It’s a dilemma you might face as a caregiver. The one you’re caring for customarily sent out Christmas cards. How do you help them now when they can barely sign their name?
A few Christmases ago, I wrote a letter on my mom’s behalf in an attempt to tactfully update mom’s family and friends concerning her condition and her new living arrangement. It was my goal to share the truth of what was going on with mom’s health, yet preserve her dignity in the process.
To Charlotte’s Dear Friends and Family
Hardly a day passes where my mom doesn’t tell me that she really needs to “buy some stationery with lines” and then she offers to give me some money so that I can go to the Post Office and buy her some postage stamps so she can write her friends. The truth is, Mom has plenty of stationery and more postage stamps than she’ll use in her lifetime. She just cannot get the words down on paper anymore. They are in her heart, but she can’t concentrate long enough to get them out and write them down. Sadly, Alzheimer’s has stolen her ability to write a letter. Much to her great frustration, it was even difficult for her to write, “Love, Great Grandma” on the Christmas cards I addressed for her great-grandchildren.
So many of you carved time out of your schedules to drop a note in the mail, send a card, pictures, and newsy bits from all the places she called “home.” Mom absolutely loves receiving mail, reading each card and letter over and over again, oftentimes believing she is reading the same piece of mail for the first time. So, if you will please indulge me, let me write the letter I believe my mother would write to you if she could.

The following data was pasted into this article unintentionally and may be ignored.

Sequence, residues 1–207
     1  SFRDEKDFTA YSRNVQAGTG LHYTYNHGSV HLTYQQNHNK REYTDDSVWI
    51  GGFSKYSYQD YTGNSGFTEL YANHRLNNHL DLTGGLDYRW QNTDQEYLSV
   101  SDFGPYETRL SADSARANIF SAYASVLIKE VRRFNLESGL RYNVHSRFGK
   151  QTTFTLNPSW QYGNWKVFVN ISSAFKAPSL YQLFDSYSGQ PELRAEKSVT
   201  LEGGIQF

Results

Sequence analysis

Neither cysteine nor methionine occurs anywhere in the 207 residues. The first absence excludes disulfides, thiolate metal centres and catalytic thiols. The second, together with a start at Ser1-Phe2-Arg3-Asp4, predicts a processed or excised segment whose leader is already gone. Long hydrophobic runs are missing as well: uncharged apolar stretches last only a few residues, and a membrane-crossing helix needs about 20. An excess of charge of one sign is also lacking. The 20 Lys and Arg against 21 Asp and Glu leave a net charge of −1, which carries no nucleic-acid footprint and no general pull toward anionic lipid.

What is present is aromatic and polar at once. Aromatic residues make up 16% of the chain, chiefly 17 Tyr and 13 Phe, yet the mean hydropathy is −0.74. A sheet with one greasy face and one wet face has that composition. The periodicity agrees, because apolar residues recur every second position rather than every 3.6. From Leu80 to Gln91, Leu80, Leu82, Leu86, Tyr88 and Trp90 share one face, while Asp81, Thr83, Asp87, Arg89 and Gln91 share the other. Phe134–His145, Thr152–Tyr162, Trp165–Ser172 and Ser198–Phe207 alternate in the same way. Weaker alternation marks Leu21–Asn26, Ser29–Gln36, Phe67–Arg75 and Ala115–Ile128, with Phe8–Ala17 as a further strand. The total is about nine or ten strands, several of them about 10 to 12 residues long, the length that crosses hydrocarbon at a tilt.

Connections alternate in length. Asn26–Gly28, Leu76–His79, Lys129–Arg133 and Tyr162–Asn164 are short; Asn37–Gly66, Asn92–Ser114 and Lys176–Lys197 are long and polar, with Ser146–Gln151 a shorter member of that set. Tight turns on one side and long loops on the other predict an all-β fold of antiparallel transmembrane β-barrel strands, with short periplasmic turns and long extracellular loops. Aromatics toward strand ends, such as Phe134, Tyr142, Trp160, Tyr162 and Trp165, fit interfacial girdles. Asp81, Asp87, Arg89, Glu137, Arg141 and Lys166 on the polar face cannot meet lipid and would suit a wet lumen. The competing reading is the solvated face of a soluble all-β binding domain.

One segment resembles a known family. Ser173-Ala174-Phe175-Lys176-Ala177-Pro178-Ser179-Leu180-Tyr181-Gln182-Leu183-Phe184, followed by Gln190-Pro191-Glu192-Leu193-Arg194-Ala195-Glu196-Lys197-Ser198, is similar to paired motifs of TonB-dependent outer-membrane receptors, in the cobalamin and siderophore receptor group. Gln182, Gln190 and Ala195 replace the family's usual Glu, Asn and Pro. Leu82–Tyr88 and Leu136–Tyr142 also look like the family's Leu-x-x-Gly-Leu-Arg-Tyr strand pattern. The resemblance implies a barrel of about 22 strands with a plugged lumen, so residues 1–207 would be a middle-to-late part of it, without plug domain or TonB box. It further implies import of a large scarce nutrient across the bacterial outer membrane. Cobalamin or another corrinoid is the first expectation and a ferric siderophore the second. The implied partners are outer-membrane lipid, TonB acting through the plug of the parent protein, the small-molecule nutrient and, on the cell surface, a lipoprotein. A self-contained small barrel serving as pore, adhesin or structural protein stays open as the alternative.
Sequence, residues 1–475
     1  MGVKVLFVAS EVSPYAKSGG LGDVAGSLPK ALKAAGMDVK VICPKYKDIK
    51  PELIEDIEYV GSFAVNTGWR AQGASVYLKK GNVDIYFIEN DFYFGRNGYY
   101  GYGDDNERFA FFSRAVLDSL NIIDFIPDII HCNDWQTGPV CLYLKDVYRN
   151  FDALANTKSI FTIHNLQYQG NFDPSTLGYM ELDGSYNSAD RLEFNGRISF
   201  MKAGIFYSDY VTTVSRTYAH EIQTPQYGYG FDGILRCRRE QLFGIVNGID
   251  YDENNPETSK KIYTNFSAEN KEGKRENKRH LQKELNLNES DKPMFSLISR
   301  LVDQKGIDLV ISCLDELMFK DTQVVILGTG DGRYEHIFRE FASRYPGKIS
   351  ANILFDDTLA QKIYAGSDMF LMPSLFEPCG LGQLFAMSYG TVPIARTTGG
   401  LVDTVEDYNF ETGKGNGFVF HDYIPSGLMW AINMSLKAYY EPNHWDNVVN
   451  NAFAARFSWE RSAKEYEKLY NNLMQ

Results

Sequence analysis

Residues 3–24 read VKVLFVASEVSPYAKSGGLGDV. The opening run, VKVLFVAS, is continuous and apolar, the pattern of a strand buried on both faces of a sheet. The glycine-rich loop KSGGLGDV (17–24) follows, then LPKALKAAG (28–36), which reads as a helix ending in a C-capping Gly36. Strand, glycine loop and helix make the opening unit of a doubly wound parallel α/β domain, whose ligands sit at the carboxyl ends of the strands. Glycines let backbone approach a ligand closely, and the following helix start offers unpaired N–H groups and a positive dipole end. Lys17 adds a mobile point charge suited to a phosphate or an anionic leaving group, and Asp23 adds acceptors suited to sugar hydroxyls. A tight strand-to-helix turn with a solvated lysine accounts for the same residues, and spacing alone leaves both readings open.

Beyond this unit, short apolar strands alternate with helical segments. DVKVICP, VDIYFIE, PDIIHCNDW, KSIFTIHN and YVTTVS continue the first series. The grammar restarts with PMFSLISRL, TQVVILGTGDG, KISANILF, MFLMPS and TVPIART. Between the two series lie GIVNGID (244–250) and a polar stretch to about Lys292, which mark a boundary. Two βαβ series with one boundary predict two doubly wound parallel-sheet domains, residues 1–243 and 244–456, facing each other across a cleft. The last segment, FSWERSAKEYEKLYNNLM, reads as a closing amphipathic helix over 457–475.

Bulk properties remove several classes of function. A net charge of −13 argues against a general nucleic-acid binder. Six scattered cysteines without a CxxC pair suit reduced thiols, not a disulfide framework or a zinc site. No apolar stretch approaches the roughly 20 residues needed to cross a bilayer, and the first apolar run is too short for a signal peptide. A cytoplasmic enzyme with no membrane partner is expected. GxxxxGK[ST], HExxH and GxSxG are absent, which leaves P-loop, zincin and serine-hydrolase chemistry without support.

Following that salutation and introductory remarks, I filled her loved ones in on the latest happenings in Mom’s life, and shared more than a few pictures.
Dear Family and Friends,
“Home” for me is now in Fitchburg, Wisconsin, where I have a lovely 1-bedroom senior apartment, which is just perfect for me. It boasts a kitchen with more counter-top space than I had in my Milwaukee home! I was able to bring my favorite pieces of furniture with me too, including my entire living room set, dining suite, and master bedroom suite. So many of my familiar things are here – including pieces of my garden which Cindie transported from my Milwaukee garden to pots on my patio (you know how I loved flower gardening!).
Most importantly, family is here.
As many of you know, I made this move because of concerns about short-term memory loss over the past several years. While this diagnosis of Alzheimer’s has been hard to accept, God has allowed it for a purpose. The move was hard for me. I lived in that house on the corner of 106th and Stark since Jerry and I had it constructed in 1962. We raised our children there. Jerry and I were actively involved in our local church and other ministries…we LOVED our church family at Spring Creek Church. But, my move – though difficult – was for the best.
Ever since my husband Jerry went home to be with his Savior in 2008, my daughter Cindie was making frequent trips from her home in Fitchburg (near Madison, WI) to help me, so it seemed best to live closer to Cindie and her husband Wayne, who serves as my very competent (and free) financial advisor, taking care of decisions related to my finances.